Time for Parenting...
...because raising children is a full-time job
March 2003 Newsletter
What the Papers Say
We start this section with a cracker of a broadside form Minette Marrin writing in THE SUNDAY TIMES soon after Cherie Blair tearfully admitted, after her disastrous Bristol property debacle, that in juggling her busy life 'sometimes some of the balls get dropped'. Entitled Children are the victims of juggling mother syndrome, Marrin writes:
"I'd just like to point out that I am a very, very
busy person and have lots of balls in the air: I am deeply devoted to
my children. my family, my husband, my many trips abroad, my charities,
my beauty treatments, my gym and my hectic social life, quite apart from
my work, and if I write anything misleading in this column, then all I
can say is I'm sorry. Obviously all this isn't good enough for some people.
I hate to say this, but I have learnt it the hard way,
and I do believe it: women's opportunities have led to the serious neglect
Britain's increase in illiteracy, innumeracy, truancy, street violence, unmanageable schools, teenage mental illness and suicide (especially among boys) and the explosion of drug and alcohol abuse among school children rich and poor has coincided with what? With working mothers and child neglect.
I don't want to think this. I always wanted to have the
same chances as any man to succeed. I don't underestimate the sacrifices
involved for an ambitious woman. But experience has convinced me that
even if you have two people to bring up children together, you cannot
have two demanding full-time careers.
Children at risk from stressed parents
Children at risk from stressed parents the OBSERVER reported
on a four-year study at Harvard Medical School which found that children
of parents who rated their stress levels as high when their children were
12 months old were likely to show behavioural problems by the age of four.
Unsurprisingly, parental stress was closely linked to the breakdown of
the traditional extended family support network.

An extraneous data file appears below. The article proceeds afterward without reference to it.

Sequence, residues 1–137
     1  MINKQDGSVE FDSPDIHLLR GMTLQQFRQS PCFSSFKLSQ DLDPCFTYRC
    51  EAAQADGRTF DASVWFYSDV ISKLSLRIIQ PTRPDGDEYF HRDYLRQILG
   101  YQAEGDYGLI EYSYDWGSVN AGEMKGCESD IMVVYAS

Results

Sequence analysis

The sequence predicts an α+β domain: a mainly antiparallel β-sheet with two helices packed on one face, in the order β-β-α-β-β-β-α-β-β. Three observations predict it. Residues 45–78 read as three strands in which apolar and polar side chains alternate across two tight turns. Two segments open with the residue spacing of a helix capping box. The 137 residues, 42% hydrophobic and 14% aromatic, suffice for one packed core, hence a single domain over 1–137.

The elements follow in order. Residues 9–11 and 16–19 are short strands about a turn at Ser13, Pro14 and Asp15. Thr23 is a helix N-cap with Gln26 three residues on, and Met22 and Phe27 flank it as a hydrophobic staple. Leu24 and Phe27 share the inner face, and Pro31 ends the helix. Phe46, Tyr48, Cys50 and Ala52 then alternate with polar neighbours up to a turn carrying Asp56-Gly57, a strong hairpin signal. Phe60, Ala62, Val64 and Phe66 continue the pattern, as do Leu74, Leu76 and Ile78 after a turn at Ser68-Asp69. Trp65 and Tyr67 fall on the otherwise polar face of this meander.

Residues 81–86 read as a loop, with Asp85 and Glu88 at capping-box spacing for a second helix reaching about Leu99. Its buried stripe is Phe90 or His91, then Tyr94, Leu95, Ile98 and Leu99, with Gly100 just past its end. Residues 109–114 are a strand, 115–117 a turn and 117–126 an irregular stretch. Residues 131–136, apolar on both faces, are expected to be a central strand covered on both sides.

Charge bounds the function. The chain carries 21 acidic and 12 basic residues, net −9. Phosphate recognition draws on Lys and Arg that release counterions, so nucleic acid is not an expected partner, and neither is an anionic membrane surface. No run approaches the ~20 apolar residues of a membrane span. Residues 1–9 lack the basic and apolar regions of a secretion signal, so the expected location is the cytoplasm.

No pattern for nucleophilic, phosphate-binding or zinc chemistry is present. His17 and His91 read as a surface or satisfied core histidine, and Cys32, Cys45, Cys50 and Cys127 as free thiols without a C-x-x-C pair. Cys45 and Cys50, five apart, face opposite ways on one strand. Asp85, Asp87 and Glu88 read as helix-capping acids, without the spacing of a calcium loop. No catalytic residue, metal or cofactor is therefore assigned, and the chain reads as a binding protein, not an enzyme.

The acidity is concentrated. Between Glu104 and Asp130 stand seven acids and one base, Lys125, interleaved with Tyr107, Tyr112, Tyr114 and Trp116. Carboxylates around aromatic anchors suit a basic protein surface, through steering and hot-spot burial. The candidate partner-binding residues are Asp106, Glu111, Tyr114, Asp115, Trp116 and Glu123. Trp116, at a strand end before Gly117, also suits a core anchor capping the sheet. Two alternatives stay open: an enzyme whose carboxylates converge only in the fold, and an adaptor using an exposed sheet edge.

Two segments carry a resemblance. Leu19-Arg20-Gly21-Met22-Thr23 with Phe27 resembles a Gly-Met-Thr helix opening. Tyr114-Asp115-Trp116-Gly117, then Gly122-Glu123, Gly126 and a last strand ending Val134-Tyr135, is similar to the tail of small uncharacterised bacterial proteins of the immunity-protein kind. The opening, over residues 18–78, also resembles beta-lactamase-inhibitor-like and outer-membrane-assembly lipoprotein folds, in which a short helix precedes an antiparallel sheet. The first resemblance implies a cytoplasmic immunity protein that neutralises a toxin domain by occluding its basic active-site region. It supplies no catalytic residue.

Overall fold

Starting school too young can be bad for children's education
The NEFR suggests starting school at six could mean children staying longer in formal education later. Most countries in Europe start at six, and several not until seven. The study claimed that early formal schooling could "increase anxiety and have a negative effect of children's self-esteem and motivation to learn." Most European countries have a strong kindergarten or nursery system where children from three to five can begin their learning and socialisation in a more informal atmosphere of play.
Since 1997 there has been a massive expansion of nursery education. The NFER list several pitfalls to early schooling, saying that unlike in pre-school settings,reception class teachers allow children to spend proportionately less time on tasks of their own chosing; they are physically less active and spend less time exploring their environment. Drink problems?
Scientists who studied 302 twelve and thirteen year-olds
from affluent backgrounds, reported the MAIL, under the heading Pushy
parents drive middle class pupils into drink found that lack of parental
contact where both parents go out to work is one factor in middle-class
children turning to drink and drugs. Pressures of schoolwork and fears
of not meeting parental expectations also made them more susceptible to
depression. The presence of adults at home was found to be a key factor
in happiness at home and success at school.